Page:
Mark Byrnes is a senior associate editor at CityLab who writes about design and architecture.
"We are losing lovely buildings, district cultural centers, and probably the perception of cinema as art."
Sergey Novikov, a Moscow-based photographer, noticed the kind of movie theaters he grew up with were falling into disrepair. Some were even disappearing completely. Sensing depressing fates for rest of these Soviet-era structures, Novikov began documenting them, spending two years searching and shooting every old theater he could find.
The result is "Breathless," a photo series containing dozens of the Constructivist-style theaters in Moscow and St. Petersburg. Novikov knows that as technology and cultural expectations change, theaters inevitably do too. But he longs for the ones he knew as a child, places that added something to their neighborhoods. "They remind me of great Russian cinematography," says Novikov. "We are losing lovely buildings, district cultural centers, and probably the perception of cinema as art."
We caught up with the photographer via email to ask him about the project, what these old theaters mean to him, and what they're becoming:
When did you start to notice so many movie theaters closing or falling into disrepair?
I began to record movie theaters in 2010, but they have been abandoned for a long time. As I like to explore Moscow's neighborhoods, I'd often discover a new deserted movie theater. Then, I started to ask my friends if they'd seen such objects and then I'd look for them on the web using Google Street View. Every district has its own old movie theater or even a couple, so I found a lot.
What compelled you to start documenting them?
I perceive them as rare, unique objects and often the movie theater is the only handsome building in a district so my urge was just to keep them in a time, place and memory through documenting. These cinemas are frozen in time, being parted from movies but their identity preserved; a frontispiece and a name. Destruction sometimes happens quickly - yesterday it was in front of you and today it is already demolished. They are breathless. Vanishing scenery.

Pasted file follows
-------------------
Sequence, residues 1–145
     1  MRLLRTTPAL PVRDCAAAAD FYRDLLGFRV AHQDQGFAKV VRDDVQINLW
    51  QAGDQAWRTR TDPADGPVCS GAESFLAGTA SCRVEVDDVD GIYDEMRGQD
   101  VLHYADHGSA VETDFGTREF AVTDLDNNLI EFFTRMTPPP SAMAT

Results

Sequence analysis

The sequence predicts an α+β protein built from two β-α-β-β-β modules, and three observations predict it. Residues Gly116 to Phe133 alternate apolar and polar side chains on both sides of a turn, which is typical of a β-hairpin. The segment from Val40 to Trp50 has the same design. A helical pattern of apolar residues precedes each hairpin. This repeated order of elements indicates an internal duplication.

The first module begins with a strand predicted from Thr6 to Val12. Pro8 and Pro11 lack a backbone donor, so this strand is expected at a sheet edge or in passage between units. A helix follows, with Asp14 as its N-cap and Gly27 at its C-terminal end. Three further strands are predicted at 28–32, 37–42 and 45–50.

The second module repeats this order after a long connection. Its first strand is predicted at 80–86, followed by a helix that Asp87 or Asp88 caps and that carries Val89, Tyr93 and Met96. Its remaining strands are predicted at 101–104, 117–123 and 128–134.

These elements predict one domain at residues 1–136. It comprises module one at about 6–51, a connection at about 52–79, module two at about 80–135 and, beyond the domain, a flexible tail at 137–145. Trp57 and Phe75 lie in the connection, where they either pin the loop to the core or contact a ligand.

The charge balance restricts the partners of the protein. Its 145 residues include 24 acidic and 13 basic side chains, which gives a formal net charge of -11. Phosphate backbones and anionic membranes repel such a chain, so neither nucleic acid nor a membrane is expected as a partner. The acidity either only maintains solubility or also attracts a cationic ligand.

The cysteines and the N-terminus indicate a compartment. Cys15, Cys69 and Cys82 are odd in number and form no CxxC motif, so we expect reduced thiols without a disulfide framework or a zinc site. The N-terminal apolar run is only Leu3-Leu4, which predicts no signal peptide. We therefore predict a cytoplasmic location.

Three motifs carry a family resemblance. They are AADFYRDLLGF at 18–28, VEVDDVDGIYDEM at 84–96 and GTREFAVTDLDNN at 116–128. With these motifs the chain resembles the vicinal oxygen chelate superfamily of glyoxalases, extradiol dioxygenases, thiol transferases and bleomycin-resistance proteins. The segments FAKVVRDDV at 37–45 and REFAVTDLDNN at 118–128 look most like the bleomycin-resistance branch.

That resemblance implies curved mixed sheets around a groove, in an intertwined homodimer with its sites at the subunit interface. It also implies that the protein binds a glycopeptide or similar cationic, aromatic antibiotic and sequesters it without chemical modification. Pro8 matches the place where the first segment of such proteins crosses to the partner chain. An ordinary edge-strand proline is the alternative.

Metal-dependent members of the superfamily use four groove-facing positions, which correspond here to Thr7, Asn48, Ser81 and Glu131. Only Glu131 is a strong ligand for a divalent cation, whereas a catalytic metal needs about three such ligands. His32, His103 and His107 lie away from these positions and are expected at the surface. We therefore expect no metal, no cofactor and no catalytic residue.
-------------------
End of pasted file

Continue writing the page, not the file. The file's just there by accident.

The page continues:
What was it like to see a movie in these theaters during their better days?
I can dig into my childhood when it was the only kind of cinema and I watched movies like "Romancing The Stone" or "Crocodile Dundee" several times. It had an aura; creaky armchairs, hand-painted posters, just movie and you, ready for contemplation, no popcorn. Some of theaters were widescreen for 1,400 spectators (standard for Moscow) like Minsk and Baltika. Some were for 1,250 spectators (standard for St. Petersburg). And the names, listen to how romantic they sound - Planet, Mars, Prometheus, Wave, Patriot. The names were written in distinctive styles and with different fonts.
Of the theaters you photographed for the series, do you have a favorite one?
I can mark some as great examples of outer decoration such Ararat or Minsk, but the most intriguing for me is Planet, it was appropriated by Jehovah's Witnesses for their meetings.
Are you aware of any efforts to save or revitalize these buildings?
These buildings actually cost a lot of money. Some of them still belong to city government. So those guys look for a buyer, then change a frontispiece and transform the place into a multiplex. More rarely, cinemas just pass away. Baltika (demolished in 2010) has became a shopping mall. I haven't yet seen a restoration or renewal of these buildings. Some are still abandoned, some are occupied by holidays fairs, discоs, restaurants, car dealerships or fur shops at various times.
entrance for seats 1-27)
(demolished in December, 2010)
This interview has been edited and condensed.
Top image, "Erevan," Moscow. All images courtesy Sergey Novikov.
H/T Calvert Journal.